Titus Oates was a disgraced Anglican priest who had been removed from his rectory for either buggery or sodomy. After being dismissed again from a Jesuit diocese in France, he returned to London. Upon Oates’s return to London he wrote a manuscript that told of a conspiracy to kill The King that he had uncovered while working with the Jesuits. This manuscript added to the general anti Catholic hysteria that was already afoot in England in the 1680’s and eventually Oates found the ear of Sir Edmund Godfrey, a member of Parliament and a strong supporter of Protestantism. Godfrey championed Oates’s cause and called for an investigation to find the Catholic traitors who were out to assassinate the King. The day after Godfrey called for this investigation he was found strangled and run through with his own sword, the commoners cried out that his murder had obviously been the work of conspirators of the Catholic Church who were there to assassinate the King and wanted to silence Godfrey. What is rather odd is that the King actually seemed to be the only person who did not believe that the Catholic Church was attempting to kill him. He called Oates to a meeting where the former Anglican priest accused five noblemen of being involved in the Catholic plot to kill him. These men were eventually convicted of being traitors to the Crown and sentenced to death on the word of Oates. After the trials of the noblemen were over, the King actually investigated Oates’s claims as well as talked to him for many hours personally. After catching Oates in numerous lies the King had Oates thrown into prison for sedition. Eventually Oates was tried and convicted of perjury. Though the judge that condemned Oates to this punishment said, “There does not remain the least doubt, but that Oates is the blackest and the most perjured villain that ever appeared upon the face of the earth” (Donald) he was not sentenced to death for his perjury because the prevailing attitude was that if he was sentenced to death that future witnesses might not come forth with evidence. Instead he was stripped of his clerical dress and title, imprisoned for life, sentenced to hang on display from pillory stocks every year for two days and to be whipped for an entire day every year through the streets of London while chained to a moving cart for all to see. The first day of his whipping many people turned out to watch as he was dragged through the streets of London, he received an estimated 1700 lashings and gushed so much blood that he eventually blacked out. Many of the citizenry still believed Oates and in fact urban legends and rumors of conspiracy sprang up as cries rang out to free Oates who had become something of a martyr figure to many of the anti-Catholic crowd. Whatever the truth was behind Oates’s crime, most of the commoners felt that his sentence was especially heinous and it was considered so terrible by the populace that the Oates case was talked of not only during the drawing up of The English Bill of Rights, but also during the drawing up of the Virginia Declaration of Rights almost 100 years and a continent away in a soon to be newly founded Republic.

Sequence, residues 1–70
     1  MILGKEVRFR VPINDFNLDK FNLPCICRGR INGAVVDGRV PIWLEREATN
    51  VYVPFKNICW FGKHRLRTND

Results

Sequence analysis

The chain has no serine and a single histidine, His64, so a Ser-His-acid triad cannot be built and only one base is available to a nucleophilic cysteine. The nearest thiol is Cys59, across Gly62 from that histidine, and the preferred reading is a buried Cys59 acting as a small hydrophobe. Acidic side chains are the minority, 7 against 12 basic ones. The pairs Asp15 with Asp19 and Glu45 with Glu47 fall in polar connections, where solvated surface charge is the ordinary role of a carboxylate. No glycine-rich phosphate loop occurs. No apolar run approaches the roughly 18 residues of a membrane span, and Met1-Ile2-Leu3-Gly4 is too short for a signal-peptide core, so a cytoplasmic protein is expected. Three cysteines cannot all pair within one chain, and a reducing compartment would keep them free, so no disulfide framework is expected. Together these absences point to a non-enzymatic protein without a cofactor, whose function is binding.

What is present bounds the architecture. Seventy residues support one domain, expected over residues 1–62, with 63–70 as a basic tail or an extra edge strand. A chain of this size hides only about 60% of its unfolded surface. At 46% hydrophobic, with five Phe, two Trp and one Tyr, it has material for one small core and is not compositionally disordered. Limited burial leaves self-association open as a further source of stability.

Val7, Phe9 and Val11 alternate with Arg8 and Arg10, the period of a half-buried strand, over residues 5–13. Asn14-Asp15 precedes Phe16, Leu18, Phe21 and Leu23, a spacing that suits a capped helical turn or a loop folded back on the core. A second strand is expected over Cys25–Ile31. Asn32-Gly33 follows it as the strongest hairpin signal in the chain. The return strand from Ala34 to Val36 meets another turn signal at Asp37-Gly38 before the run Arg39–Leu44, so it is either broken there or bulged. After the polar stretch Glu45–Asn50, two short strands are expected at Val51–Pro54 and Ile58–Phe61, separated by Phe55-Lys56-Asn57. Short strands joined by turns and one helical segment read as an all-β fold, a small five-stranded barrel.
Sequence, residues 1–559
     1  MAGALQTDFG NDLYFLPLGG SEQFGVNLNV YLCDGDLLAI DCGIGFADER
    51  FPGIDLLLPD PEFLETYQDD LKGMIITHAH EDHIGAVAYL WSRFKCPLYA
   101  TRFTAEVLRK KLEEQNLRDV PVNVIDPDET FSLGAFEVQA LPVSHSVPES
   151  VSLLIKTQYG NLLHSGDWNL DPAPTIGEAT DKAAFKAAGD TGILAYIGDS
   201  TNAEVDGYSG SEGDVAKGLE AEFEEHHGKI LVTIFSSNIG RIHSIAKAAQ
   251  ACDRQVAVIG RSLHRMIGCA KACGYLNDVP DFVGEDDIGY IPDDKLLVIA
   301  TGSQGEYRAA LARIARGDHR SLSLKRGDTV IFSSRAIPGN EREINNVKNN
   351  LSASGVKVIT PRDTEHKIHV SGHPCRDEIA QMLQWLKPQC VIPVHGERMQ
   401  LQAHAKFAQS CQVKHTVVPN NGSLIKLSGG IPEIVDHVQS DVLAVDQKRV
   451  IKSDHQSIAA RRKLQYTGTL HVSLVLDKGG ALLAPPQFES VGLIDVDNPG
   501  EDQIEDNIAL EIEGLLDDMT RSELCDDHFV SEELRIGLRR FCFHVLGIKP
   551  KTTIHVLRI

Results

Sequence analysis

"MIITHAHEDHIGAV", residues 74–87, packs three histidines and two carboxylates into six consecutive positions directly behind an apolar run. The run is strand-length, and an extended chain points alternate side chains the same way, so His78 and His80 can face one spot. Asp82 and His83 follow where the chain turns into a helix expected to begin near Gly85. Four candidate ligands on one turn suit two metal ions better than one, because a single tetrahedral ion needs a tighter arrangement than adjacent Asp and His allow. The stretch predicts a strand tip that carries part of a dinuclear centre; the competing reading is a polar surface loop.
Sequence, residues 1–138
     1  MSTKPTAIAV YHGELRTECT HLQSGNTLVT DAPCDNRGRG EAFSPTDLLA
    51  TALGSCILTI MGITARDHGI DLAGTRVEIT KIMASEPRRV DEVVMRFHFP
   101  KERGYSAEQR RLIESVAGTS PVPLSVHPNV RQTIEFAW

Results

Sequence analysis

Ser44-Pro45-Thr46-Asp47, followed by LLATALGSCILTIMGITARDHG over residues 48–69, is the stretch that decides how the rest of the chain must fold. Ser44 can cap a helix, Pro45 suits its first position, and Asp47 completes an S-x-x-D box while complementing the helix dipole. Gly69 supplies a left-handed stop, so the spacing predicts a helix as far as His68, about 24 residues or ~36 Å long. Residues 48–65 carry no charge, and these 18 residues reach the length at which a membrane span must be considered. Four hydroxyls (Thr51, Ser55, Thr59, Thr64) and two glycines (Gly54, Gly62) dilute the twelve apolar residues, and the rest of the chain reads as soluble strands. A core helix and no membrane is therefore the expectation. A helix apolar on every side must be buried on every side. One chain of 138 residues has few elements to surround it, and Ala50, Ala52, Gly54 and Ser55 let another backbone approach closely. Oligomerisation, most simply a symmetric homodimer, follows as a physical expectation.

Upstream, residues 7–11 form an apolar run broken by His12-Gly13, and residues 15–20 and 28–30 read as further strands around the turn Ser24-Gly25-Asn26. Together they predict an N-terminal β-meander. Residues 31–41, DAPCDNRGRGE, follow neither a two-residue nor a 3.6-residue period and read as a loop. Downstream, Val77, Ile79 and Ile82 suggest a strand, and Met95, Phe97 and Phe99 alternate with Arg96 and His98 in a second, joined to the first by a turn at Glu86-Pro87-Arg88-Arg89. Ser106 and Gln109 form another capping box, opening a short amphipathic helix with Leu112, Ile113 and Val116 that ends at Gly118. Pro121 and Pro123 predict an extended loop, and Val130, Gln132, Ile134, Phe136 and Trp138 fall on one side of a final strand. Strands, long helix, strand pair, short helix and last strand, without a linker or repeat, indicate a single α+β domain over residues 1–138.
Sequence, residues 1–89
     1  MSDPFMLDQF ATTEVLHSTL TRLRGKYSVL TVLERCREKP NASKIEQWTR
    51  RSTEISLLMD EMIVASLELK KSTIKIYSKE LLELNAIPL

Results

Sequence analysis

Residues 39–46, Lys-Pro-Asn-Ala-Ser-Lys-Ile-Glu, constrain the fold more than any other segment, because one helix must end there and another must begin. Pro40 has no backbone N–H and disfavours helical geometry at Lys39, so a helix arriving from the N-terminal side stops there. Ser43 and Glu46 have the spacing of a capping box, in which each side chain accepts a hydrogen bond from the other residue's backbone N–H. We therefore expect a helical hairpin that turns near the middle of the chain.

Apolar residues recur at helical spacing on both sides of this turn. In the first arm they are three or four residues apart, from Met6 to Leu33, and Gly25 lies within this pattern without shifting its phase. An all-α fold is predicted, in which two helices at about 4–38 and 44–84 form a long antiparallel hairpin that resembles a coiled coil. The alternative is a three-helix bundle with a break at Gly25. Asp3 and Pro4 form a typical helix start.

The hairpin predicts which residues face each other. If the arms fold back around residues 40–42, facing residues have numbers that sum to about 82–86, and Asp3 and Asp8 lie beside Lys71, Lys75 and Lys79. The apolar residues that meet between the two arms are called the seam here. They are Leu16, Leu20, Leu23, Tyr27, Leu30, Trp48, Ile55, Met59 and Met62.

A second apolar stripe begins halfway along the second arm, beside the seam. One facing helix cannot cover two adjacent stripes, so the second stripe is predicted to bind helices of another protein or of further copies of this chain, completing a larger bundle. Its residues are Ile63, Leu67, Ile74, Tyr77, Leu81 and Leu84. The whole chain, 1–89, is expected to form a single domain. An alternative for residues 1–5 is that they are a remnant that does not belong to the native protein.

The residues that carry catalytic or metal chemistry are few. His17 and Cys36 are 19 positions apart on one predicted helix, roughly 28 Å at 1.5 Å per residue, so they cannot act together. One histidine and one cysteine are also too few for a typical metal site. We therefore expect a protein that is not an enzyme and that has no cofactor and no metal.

The Virginia Declaration of Rights was drawn up in 1776 to lay down and proclaim the natural rights of men. These rights were drawn up by the Virginia Convention of Delegates on June 12, 1776 . The original document was written by George Mason with help from James Madison who assisted him with the section on religious freedom. Mason based the Virginia Declaration on the English Bill of Rights produced almost a hundred years earlier. This declaration was the first Constitutional protection for citizens living in North America as not all English protections were given to colonists. This declaration was unique in that it defined which rights pertained to the people of Virginia and said that those people were the basis for the foundation of government. In so doing the document rejected the notion of privileged political classes or royally inherited offices and in so doing condemned the royal members of Parliament as well as the House of Lords as well as the Crown itself. The Virginia Declaration described the moral principles on which government would operate and affirmed the inherent nature of certain natural rights including the right to life, liberty, and property.